The word “prayer” is frequently used among believers and non-believers, but what exactly does it mean? Most of us have a concept of prayer that is limited to supplication for our needs with the expectation that a Higher Power will intervene in our lives and do for us what we are unable to do for ourselves. Yes, this is one way of understanding prayer, but it is not all that prayer is. Like many other values, our understanding of prayer is filtered and shaped by our experiences. Sister Joan Chittister, a visionary spiritual voice in our times and an advocate for peace and justice around the world, offers a full and rich perspective on prayer. Sister Joan is a member of the Benedictine Sisters of Erie, Pennsylvania, founder and executive director of BenetVision, and an internationally renowned speaker and the author. The text of the following interview first appeared in the Winter 2010 issue of Sacred Journey, the quarterly multi-faith journal of Fellowship In Prayer. Sister Joan will also be presenting at Fellowship In Prayer’s 60th Anniversary Conference, June 24 to 27, 2010 at Princeton University. To subscribe to the journal or to register for what promises to be a landmark event, visit www.fellowshipinprayer.org.
Fellowship in Prayer: How do you define prayer in your life?
Sister Joan Chittister: After more than 55 years of growing into a life of prayer through a lifestyle based on it, my definition of prayer is consciousness, immersion, and relationship. Prayer makes us aware of the elements of the divine in human life, bringing us into contact with the God-life in and around us. Prayer is not personal devotion; it is personal growth. Prayer brings us to the ultimate and the eternal, the daily and the regular, the total consciousness of God now. Prayer enables us to be immersed in what is fundamentally and truly divine in life right now. It is not meant to be a bridge to somewhere else because God is not somewhere else. God is here. Prayer is the act of beginning the process of becoming one with the One we seek — eventually, melting into God completely. This can be accomplished through immersion in the Sacred Scriptures. As Christians, what drives us is not has Jesus died but who Jesus is and why Jesus died. How he defines life and death will become our own understanding if we live prayerful lives.
Did you feel this way about prayer from early on in your life or is this something you have slowly developed over time?
Well, there was certainly a time in my very young life, when prayer was an exercise. However I wasn’t long in monastic life when I realized, like a teabag, I was being steeped in an environment that spoke to me of another layer and level of life. In this environment the notion that prayer is somehow or other an exercise in words simply dissolved very quickly. You know, in the Catholic tradition, around the 15th or 16th century, the Roman Catholic Church began to talk about prayer in different forms — prayers of adoration, prayers of contrition, prayers of thanksgiving, and prayers of supplication. These are types of formal prayers, based on words, but they are not prayer. Prayer moves us from the level of personal consciousness to God-consciousness, union with God or what we call the mystical life.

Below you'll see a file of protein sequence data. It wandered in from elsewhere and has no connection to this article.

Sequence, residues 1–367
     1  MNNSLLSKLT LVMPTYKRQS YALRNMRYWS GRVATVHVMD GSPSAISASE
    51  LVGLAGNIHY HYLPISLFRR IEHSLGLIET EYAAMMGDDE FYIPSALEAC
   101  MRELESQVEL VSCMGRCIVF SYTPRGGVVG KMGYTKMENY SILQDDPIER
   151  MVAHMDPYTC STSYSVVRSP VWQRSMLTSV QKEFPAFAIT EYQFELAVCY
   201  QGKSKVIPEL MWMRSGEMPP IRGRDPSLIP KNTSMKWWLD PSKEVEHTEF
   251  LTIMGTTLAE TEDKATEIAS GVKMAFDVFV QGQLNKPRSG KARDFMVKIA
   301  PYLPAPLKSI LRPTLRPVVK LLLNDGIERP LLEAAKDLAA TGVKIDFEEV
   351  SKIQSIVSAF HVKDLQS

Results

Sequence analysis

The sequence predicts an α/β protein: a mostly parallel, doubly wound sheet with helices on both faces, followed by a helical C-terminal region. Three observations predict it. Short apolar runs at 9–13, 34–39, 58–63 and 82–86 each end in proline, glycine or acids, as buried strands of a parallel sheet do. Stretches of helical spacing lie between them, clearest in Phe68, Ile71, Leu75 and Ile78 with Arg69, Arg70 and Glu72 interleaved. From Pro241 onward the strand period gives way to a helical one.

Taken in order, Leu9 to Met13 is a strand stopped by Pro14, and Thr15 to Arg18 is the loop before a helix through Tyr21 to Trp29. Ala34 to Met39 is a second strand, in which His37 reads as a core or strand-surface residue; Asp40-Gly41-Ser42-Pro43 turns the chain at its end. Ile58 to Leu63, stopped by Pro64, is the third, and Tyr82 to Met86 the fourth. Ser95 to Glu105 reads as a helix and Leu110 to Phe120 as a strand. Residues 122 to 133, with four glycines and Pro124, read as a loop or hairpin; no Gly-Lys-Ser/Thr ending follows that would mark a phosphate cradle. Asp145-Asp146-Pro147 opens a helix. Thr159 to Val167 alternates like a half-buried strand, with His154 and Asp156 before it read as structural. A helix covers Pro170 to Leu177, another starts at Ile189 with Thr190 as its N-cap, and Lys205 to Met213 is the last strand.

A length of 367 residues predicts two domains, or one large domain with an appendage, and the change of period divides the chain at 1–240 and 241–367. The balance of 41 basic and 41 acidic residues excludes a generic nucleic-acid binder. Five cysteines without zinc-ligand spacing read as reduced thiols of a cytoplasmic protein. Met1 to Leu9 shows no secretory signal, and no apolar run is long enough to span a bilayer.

The Sufis tell a wonderful story about a seeker who one night hears a voice saying, “Who’s there?” and the Sufi seeker answers with great excitement, “It is I, it is I, Lord! I am right here!” And the voice disappears. Years later, the Sufi again hears the voice calling, “Who’s there?” The Sufi thinks, “Here’s that voice again!” and he gets very excited at yet another opportunity, and responds, “It is I, Lord, and I seek you with all my heart!” Once again, the voice disappears. Some years later he again hears the voice calling, “Who’s there?” This time, the Sufi replies, “Thou Lord, only Thou!” This story clearly describes the process of moving oneself into the mind, heart, and consciousness of God. It comes, yes, little by little, but it also comes instantaneously, once we move into what the ancient mystics call “prayer without words.” This prayer is the prayer of consciousness. This prayer is the very breath of life. Consciousness that the breath I breathe is the breath of God is the sum total of an attitude of prayer.